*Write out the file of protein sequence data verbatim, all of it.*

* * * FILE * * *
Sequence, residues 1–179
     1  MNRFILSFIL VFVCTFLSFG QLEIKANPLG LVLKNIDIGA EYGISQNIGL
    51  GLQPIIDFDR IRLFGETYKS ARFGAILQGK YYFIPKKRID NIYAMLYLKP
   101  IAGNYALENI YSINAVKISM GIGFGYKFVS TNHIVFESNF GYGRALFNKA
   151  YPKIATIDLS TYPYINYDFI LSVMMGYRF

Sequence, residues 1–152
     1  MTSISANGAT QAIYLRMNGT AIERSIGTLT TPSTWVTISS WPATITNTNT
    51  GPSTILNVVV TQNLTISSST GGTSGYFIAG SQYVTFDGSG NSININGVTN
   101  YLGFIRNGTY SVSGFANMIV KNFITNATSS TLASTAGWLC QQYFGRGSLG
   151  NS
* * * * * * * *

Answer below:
Sequence, residues 1–179
     1  MNRFILSFIL VFVCTFLSFG QLEIKANPLG LVLKNIDIGA EYGISQNIGL
    51  GLQPIIDFDR IRLFGETYKS ARFGAILQGK YYFIPKKRID NIYAMLYLKP
   101  IAGNYALENI YSINAVKISM GIGFGYKFVS TNHIVFESNF GYGRALFNKA
   151  YPKIATIDLS TYPYINYDFI LSVMMGYRF

Sequence, residues 1–152
     1  MTSISANGAT QAIYLRMNGT AIERSIGTLT TPSTWVTISS WPATITNTNT
    51  GPSTILNVVV TQNLTISSST GGTSGYFIAG SQYVTFDGSG NSININGVTN
   101  YLGFIRNGTY SVSGFANMIV KNFITNATSS TLASTAGWLC QQYFGRGSLG
   151  NS